Takotsubo cardiomyopathy was named after a round-bottomed, narrow-necked fishing pot used for trapping octopus (“takotsubo” in Japanese), because of its resemblance to the left ventriculogram in affected patients. The condition is also referred to as transient left ventricular apical ballooning, stress-induced cardiomyopathy, takotsubo syndrome, apical ballooning syndrome, atypical apical ballooning, ampulla cardiomyopathy, broken heart syndrome, or transient left ventricular dysfunction syndrome. This condition affects individuals, mainly postmenopausal women, following periods of emotional distress. The presentation resembles acute myocardial infarction, with transient left ventricular dysfunction and mostly normal, but occasionaly abnormal, coronary arteries. Its etiology, pathophysiology, and treatment have yet to be determined. The incidence is 2.1% of female patients and 0.5% of all patients with ST-elevation myocardial infarction. This rate was reported in the recently published Harmonizing Outcomes with Revascularization and Stents in Acute Myocardial Infarction (HORIZON-AMI) trial [15].

Several reports have associated takotsubo cardiomyopathy with Kounis syndrome [16, 17]. Takotsubo cardiomyopathy has been observed not only in patients suffering from anaphylaxis, but also in individuals simply observing and assisting in the treatment of anaphylaxis. This indicates that takotsubo cardiomyopathy represents a stress-induced myocardial stunning.

Various cytokines released during stress conditions have been incriminated in inducing multi-vessel coronary artery spasm at epicardial or microvascular levels, which induce takotsubo cardiomyopathy. The drug of choice for anaphylaxis is adrenaline. However, excess doses might contribute to coronary spasm and transient takotsubo syndrome through direct myocardial stunning. On the other hand, the inflammatory mediators released during anaphylaxis can induce coronary spasm and takotsubo syndrome. Furthermore, in anaphylaxis, compensatory catecholamines such as adrenaline and nor-adrenaline are released by the renin–angiotensin–aldosterone system that together with histamine, stimulate the release of more catecholamines by direct action on the adrenal medullary cells. Catecholamine increase induces excessive activation of cardiac catecholamine receptors in the left ventricle, and plays a major role in the pathophysiology of stress-induced cardiomyopathy. In addition to this phenomenon, administration of catecholamines, such as adrenaline and noradrenaline, for hemodynamic support of anaphylactic shock, also increases the plasma catecholamine level. Catecholamine increase in patients with angina renders blood platelets more sensitive and more prone to aggregation and thrombosis. Indeed, adrenaline administration has been shown to induce acute drug-eluting stent thrombosis [18]. Since anaphylactic reactions can also induce takotsubo syndrome, measurement of anaphylactic inflammatory mediators such as histamine, tryptase, chymase, leukotrienes, thromboxane, and PAF, or the use of corticosteroids or mast cell stabilizers for prevention and treatment, may shed light on its etiology and pathophysiology.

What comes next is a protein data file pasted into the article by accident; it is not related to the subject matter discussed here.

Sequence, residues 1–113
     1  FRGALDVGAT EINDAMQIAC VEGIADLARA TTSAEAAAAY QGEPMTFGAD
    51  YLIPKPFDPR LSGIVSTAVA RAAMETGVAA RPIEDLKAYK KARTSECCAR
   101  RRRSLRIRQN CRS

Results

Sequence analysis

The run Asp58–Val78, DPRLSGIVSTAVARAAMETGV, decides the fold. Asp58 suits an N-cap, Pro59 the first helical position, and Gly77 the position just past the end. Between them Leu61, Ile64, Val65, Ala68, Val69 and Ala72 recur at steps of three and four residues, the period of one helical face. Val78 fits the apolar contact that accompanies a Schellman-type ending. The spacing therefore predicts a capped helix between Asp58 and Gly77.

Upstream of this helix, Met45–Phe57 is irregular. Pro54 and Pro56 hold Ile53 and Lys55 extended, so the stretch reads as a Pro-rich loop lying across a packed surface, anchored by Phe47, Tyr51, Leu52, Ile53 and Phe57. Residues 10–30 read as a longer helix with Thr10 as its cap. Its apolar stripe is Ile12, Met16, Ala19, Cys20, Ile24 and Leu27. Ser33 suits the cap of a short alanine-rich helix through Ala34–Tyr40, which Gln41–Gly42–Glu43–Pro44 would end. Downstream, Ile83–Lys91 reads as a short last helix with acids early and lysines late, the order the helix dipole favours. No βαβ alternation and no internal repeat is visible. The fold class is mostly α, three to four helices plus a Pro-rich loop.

Adrenaline, Takotsubo, Anaphylaxis, and Kounis syndrome (ATAK) seem to constitute a challenging contemporary complex [19] that needs further investigation in order to elucidate its etiology and pathophysiology, and to determine proper preventive and therapeutic measures.

Diagnosis of Kounis Syndrome

Α high index of suspicion is of paramount importance in the diagnosis of Kounis syndrome. Diagnosis is based on clinical symptoms and signs, as well as on laboratory, electrocardiographic, echocardiographic, and angiographic evidence. A variety of these findings might accompany allergic symptomatology, which helps in making the correct diagnosis. Newer diagnostic techniques such as cardiac magnetic resonance imaging (MRI) and myocardial scintigraphy can help to confirm the diagnosis. Increased serum tryptase, histamine, cardiac enzymes, and cardiac troponins are particularly helpful findings. Measuring cardiac troponins in all patients admitted to the emergency department with acute allergic reactions, in order to timely diagnose and appropriately manage a potential cardiac injury manifesting as Kounis syndrome, has been suggested [20]. Echocardiography and coronary angiography are necessary for delineating the coronary anatomy, and for diagnosing cardiac wall abnormalities including takotsubo cardiomyopathy. Thallium-201 single-photon emission computer tomography (SPECT) and 125I-15-(p-iodophenyl)-3-(R,S) methylpentadecanoic acid (BMIPP) SPECT have been used for investigation of the type I variant of Kounis syndrome. They revealed severe myocardial ischemia, while coronary angiography showed normal coronary arteries [21]. MRI with delayed contrast-enhanced images shows normal washout in the subendocardial lesion area in patients with Kounis syndrome type I variant [22].